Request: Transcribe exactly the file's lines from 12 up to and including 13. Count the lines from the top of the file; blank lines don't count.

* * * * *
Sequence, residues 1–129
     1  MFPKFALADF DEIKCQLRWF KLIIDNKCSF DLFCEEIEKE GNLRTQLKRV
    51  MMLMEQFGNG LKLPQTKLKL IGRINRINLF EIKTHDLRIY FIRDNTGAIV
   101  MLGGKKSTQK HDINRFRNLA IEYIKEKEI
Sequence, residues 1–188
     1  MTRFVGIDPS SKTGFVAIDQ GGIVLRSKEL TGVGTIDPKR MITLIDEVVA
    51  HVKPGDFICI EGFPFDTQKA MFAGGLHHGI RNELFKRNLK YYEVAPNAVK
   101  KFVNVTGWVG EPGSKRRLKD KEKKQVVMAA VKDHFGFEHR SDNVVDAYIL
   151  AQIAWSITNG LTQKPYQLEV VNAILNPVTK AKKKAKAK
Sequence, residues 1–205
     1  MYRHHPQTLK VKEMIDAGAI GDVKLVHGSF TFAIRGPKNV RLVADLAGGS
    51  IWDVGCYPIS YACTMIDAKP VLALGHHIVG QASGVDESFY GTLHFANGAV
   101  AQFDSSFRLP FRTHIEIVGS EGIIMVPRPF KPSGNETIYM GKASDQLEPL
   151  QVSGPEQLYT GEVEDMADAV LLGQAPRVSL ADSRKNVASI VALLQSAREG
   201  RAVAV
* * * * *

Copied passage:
    51  IWDVGCYPIS YACTMIDAKP VLALGHHIVG QASGVDESFY GTLHFANGAV
   101  AQFDSSFRLP FRTHIEIVGS EGIIMVPRPF KPSGNETIYM GKASDQLEPL